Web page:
Many condominium and homeowners’ associations worry about people who are registered as sex offenders under the Sexual Offender Registration and Notification Act (SORNA), usually referred to as “Megan’s Law.” Many associations I work with have considered a range of ideas, from not allowing Megan’s Law registrants to use the community pool all the way to not allowing Megan’s Law registrants to own or rent units in the community. Up until now, there has not been much legal guidance on what an association can and cannot do. A recent case, Lake Naomi Club, Inc. v. Rosado, is the first Pennsylvania case to address some of these questions.
What is Megan’s Law?
Megan’s Law requires people who are convicted of certain sexual crimes to register with the Pennsylvania State Police. Registration may include information on where the person lives and works, photos and physical descriptions of the person, and descriptions of the crime that triggered the registration. Depending on the “Tier” of the sexual offense, a person could be required to register on the Megan’s Law site for 10, 15 or 25 years, or for life.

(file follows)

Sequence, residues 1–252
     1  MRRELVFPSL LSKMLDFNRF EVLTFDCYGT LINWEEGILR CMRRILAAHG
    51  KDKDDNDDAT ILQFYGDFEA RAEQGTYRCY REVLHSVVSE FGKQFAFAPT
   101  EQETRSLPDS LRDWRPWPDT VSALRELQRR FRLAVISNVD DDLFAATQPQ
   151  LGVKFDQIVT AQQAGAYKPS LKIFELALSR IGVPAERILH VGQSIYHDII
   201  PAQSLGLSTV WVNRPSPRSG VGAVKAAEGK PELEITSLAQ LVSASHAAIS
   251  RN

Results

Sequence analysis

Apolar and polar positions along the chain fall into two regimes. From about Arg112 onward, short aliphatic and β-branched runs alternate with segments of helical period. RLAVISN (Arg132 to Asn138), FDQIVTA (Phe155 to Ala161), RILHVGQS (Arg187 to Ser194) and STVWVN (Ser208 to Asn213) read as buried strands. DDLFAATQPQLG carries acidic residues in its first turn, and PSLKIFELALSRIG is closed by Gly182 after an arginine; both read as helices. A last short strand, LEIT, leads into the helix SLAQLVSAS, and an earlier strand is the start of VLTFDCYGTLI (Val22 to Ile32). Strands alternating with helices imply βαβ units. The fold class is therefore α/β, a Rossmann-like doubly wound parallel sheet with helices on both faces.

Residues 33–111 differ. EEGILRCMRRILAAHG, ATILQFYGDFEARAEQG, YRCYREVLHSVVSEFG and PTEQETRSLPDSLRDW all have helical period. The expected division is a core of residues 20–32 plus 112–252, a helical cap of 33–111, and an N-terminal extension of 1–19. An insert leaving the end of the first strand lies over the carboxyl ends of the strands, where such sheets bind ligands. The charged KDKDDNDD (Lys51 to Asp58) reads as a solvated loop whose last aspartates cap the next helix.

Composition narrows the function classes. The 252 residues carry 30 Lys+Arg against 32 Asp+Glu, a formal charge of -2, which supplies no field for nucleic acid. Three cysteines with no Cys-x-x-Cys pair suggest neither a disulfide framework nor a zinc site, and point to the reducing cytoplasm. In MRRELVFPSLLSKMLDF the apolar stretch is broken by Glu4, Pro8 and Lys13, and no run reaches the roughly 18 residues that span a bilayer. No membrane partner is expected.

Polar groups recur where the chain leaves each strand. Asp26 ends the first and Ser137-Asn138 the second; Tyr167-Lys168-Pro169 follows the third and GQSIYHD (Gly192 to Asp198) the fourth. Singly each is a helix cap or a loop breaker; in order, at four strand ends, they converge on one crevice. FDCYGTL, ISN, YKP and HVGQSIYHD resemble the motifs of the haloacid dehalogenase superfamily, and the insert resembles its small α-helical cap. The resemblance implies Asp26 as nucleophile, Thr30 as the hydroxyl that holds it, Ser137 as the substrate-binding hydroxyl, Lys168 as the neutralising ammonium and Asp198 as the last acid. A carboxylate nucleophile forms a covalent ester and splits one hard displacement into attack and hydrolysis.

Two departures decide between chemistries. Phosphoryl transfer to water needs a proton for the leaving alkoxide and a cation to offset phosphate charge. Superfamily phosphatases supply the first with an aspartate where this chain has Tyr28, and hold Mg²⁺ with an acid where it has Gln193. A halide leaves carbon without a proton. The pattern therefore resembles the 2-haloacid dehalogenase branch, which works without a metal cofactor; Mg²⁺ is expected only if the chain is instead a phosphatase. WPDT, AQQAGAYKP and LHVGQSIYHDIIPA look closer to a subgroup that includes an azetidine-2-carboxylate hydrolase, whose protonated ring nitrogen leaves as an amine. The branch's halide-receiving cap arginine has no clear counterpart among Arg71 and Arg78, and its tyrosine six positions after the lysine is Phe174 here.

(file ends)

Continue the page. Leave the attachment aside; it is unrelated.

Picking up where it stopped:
Some of the worst offenders – defined as “Sexually Violent Predators” – trigger a community notification process. For these registrants, the police will provide notification to anyone who lives or works within 250 feet of the registrant’s home, or to the 25 closest residences. They also provide notice to local school districts, day cares and preschools.
Megan’s Law does not say where registrants can or cannot live or work. Other than notification for Sexually Violent Predators, Megan’s Law does not require the police to tell anyone when a registrant moves into the community. People can search for sexual offenders or request notifications through the State Police.
The Lake Naomi case.
Lake Naomi HOA amended its Declaration to say that no registered Tier III sex offender can reside in any home within the Community. The amendment was approved by over 70% of the Unit Owners. Mr. Rosado owned a home in Lake Naomi when the amendment was passed. The Association sued Rosado to keep him from living in his home.
The Commonwealth Court decided that the Association could not prohibit Megan’s Law registrants from living in the Community. The Court said that Megan’s Law and the Parole Board establish the statewide public policy that regulates where Megan’s Law registrants may live. No condominium or homeowners’ association is allowed to restrict where sex offenders can or cannot live.
Continue Reading Associations Cannot Ban Sex Offenders from Community